Feedback: Nomad after a few months - okay, could be great

It’s been a few months since I got my Nomad and I wanted to give some feedback to the Carbide 3D folks but also share my experience so that others in a similar position to me who are considering the machine can get a realistic idea of what it’s like (also, if anyone has solutions for the problems I’m bringing up, I’m all-ears).

First, I’ll state my assumptions, because I think a lot of what I’m about to say is based on them:

  • The Nomad is intended for people who:
    • Do not intend to use it professionally in the manufacturing industry (i.e. this isn’t a replacement for a Haas).
    • Prefer subtractive manufacturing over additive manufacturing because of the precision or flexibility of materials it offers, in particular, it’s ability to machine metals (otherwise they would buy a much cheaper and less complicated 3D printer).
    • Choose the Nomad over the Shapeoko for one of the following reasons:
      • It is more precise.
      • It is more compact.
      • It is more rigid.
    • Are possibly newcomers to the world of CNC.
    • Want something that is able to mill projects out of the box, if they wanted the machine itself to be a project, they’d do a CNC conversion.
    • Will use the machine on a desk in a residential or office environment rather than say a garage. If a garage or other industrial workspace was available, a larger machine like a Tormach might make more sense.

Now, to the actual feedback.

I personally wanted to get into CNC because after using a 3D printer for a while, I became frustrated with the weakness of plastics and wanted the ability to make stronger things from metal. I was heavily influenced by ThisOldTony on YouTube.

I chose the Nomad because:

  • I wanted a machine that worked out of the box. I didn’t want the machine itself to be a project (I considered other machines like a Sieg CNC conversion or CNC-converting locally available machines), I wanted something that would Just Work™.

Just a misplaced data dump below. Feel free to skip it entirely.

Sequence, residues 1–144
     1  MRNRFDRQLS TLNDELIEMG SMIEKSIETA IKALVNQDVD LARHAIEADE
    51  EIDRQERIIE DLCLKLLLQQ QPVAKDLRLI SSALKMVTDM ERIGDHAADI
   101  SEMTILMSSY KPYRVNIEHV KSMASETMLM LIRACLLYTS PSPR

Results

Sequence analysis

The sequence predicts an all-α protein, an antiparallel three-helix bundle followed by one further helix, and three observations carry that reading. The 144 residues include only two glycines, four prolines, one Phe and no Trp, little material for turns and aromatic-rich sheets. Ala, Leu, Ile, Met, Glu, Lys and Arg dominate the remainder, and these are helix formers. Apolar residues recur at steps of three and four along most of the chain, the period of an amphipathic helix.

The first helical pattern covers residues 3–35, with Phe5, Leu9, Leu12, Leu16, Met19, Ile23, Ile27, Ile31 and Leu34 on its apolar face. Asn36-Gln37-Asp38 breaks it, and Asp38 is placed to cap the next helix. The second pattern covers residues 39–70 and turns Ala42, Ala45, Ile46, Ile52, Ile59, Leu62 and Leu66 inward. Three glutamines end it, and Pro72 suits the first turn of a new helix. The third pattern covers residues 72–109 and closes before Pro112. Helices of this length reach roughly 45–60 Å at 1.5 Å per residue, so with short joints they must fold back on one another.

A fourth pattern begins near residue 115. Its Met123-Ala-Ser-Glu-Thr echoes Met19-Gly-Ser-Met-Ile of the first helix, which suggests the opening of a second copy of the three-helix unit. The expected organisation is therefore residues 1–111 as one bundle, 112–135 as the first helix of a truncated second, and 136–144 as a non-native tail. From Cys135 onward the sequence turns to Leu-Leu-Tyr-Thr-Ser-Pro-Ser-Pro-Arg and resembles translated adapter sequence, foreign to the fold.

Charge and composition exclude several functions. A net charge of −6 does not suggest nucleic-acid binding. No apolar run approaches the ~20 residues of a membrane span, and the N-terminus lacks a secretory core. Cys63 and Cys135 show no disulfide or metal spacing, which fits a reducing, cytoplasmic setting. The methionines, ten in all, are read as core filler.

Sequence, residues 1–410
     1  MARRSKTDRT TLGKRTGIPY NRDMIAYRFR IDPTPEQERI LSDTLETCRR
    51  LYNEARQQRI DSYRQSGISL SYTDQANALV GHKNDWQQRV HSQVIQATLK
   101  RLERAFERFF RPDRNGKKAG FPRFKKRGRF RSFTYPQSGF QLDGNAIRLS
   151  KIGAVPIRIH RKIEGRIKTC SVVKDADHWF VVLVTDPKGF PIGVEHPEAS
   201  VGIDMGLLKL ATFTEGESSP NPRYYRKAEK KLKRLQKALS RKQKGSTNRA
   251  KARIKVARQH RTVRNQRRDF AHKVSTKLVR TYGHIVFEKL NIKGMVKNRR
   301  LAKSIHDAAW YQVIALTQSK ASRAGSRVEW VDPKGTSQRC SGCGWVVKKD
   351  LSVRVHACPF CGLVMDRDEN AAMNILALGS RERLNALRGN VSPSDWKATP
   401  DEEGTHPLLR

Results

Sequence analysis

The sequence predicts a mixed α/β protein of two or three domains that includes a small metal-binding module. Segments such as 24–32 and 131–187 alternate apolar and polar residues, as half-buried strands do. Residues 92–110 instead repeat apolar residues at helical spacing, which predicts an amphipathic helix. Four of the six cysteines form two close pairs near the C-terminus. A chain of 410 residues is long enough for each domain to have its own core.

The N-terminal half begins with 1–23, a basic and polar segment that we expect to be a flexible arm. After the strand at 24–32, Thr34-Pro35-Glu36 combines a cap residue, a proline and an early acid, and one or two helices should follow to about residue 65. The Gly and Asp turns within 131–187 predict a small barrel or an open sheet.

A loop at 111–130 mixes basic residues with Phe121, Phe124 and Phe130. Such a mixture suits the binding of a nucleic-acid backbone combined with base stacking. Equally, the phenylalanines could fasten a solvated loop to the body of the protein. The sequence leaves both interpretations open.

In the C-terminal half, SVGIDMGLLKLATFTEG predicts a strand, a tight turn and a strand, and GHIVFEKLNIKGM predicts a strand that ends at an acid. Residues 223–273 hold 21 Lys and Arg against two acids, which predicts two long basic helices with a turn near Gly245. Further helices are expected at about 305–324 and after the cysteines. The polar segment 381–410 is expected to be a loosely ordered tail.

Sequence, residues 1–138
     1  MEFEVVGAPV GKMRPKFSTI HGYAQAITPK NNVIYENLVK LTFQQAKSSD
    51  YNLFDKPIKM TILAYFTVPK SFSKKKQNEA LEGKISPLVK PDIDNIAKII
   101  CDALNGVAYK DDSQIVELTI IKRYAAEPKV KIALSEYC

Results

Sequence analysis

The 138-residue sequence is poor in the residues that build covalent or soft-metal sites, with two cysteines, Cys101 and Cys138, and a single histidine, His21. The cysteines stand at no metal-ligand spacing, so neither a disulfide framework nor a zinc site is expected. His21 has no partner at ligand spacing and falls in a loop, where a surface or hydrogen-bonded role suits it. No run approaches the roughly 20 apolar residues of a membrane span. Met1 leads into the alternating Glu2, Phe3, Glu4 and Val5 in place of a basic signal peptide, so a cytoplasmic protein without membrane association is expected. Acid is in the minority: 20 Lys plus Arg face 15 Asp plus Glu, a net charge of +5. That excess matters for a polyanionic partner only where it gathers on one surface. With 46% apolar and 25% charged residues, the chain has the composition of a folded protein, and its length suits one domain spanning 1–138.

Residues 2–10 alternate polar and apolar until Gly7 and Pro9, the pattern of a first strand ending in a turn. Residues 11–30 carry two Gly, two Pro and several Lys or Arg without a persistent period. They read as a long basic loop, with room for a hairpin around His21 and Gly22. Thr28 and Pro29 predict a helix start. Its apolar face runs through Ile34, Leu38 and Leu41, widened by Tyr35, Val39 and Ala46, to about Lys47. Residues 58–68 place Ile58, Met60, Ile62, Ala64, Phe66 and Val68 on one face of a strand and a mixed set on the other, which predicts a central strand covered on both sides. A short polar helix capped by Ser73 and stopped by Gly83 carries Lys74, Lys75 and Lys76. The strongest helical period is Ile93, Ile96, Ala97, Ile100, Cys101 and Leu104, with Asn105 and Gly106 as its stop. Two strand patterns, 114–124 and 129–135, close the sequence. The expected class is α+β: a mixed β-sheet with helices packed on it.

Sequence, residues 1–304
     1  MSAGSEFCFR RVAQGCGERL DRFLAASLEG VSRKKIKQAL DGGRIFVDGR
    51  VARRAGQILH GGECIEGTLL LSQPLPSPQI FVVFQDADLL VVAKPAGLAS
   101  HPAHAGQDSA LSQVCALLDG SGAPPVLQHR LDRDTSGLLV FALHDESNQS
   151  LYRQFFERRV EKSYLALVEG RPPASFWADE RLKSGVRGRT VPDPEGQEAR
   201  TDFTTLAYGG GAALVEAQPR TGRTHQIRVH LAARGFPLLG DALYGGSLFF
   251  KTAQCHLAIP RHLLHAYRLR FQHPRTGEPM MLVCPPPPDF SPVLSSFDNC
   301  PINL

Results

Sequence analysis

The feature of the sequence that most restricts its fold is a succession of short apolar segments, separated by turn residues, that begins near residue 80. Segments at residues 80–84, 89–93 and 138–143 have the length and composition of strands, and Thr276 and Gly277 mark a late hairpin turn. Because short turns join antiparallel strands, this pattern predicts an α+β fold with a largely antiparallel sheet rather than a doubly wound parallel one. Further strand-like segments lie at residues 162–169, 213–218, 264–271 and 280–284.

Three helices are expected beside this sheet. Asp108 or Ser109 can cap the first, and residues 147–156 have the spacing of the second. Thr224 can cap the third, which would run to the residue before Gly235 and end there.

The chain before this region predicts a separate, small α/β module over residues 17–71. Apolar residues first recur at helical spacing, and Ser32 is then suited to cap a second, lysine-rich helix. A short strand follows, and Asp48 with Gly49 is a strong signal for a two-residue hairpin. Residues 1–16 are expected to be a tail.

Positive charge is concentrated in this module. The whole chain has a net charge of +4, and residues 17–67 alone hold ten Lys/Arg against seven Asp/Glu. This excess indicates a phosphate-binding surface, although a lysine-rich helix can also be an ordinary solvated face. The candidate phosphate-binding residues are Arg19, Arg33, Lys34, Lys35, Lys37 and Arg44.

• I live in an apartment and
    • I wanted something that was small and compact enough to sit on the space I had on my desk.
    • I asked around on Reddit and it was suggested that the machine was quiet enough to be used in an apartment.
  • People said the Nomad was built like a tank and could potentially be upgraded later if I wanted (this is msot of why I chose it over Sherline).
  • It was fairly affordable.

Despite living in Switzerland, I ended up ordering it from the US because EU pricing is disgusting, even with VAT removed, and because none of the EU sellers would ship to Switzerland.

The experience immediately after opening the box was fairly decent. I got my machine opened, loaded up the provided material and got my wrench cut without any problems. The biggest issues here were:

  • The machine was loud. I wasn’t expecting it to make anywhere near that much noise. The noise levels to expect should be called out somewhere explicitly (e.g. “imagine a high-pitched lawnmower”).
  • The Aluminium-bonded-to-black-gunk material got everywhere and stuck to everything it touched. I think there’s still some in my machine somewhere. Another material would be great here.

After that, I wanted to get straight into cutting Aluminium, so I used the double-sided tape to tape down a 12mm thick plate of it, put the feeds and speeds that I thought I read into Fusion 360 and let it rip! This is where everything started to fall apart:

  • I didn’t understand that the feeds and speeds for the starter project weren’t appropriate for Aluminium plate. I crashed the machine into the stock and it made very loud, very scary noises.
  • When I looked up proper feeds and speeds, all the ones provided for Nomad were Imperial and as a non-American, I only use metric and was a bit confused at first trying to convert them. It’d be great if the tables could be updated with metric conversions.
  • I ended up opening up the MDI and doing very shallow cuts into my stock to trial-and-error my way to something that worked.
  • The noise was still far too much. I had to do something about this.

At this point, controlling noise became my new project, as the machine just wasn’t viable in an apartment as-sold.

First, I thought it was just vibration from the bottom of the machine, so I added some anti-vibration foam pads. The desk stopped shaking but the noise was still horribly loud.